“The wind industry continues to grow and so will the number of blades that will reach end of life. Vattenfall is committed to promoting a circular economy and reducing environmental impact throughout the product's life cycle. Using recyclable turbine blades is a logical next step to reach those ambitions," says Eva Philipp, head of Vattenfall’s Environment and Sustainability Unit.
A new type of resin key to recycling
While most parts of a wind turbine can be recycled after their working life, blades have up until now been a challenge. The problem lies in the resin, which is used in combination with glass and carbon fiber for the structure of the blades. It typically takes high temperatures, high pressure, special processes, or a combination of these to dissolve the resin. This drives up the energy use and thereby cost; it also reduces the material properties in the blade as they deteriorate due to the exposure to these extreme dissolving conditions.
Siemens Gamesa’s Recyclable
Blades use a resin type that dissolves in a low-temperature, mildly acidic solution. This separates the resin from the other components in the blade: fiberglass, carbon fiber, plastic, wood, and metal without significantly impacting their properties. This allows the components to be recycled into new products afterwards.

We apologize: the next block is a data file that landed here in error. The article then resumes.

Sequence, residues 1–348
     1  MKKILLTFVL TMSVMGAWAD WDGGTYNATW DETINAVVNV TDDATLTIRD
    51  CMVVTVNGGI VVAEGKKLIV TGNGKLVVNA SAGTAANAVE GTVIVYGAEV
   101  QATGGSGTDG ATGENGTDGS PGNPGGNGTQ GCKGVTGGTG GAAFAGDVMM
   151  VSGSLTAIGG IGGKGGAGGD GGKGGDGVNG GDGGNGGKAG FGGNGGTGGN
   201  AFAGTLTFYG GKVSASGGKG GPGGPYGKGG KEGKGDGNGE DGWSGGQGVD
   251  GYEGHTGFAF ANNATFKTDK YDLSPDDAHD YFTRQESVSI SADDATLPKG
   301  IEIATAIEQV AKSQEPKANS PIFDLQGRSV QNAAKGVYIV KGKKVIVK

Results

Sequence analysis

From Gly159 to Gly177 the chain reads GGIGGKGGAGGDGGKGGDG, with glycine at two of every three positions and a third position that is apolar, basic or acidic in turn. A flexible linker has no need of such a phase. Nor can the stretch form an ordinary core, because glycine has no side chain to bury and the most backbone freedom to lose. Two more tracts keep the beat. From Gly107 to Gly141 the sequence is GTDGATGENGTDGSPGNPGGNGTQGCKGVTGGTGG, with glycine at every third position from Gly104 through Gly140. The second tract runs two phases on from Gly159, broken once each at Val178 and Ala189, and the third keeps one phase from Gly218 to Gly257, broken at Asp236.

Recyclable blades planned for more wind farmsSiemens Gamesa’s Recycableblades were launched in 2021 but the availability is still limited. Hollandse Kust Zuid will be the first Vattenfall project to employ the blades in some of the 140 turbines in the wind farm.
In addition, Vattenfall has secured availability of the blades for the next project, Hollandse Kust West. If Vattenfall is awarded the site, a number of turbines will be able to use the Siemens Gamesa RecyclableBlades.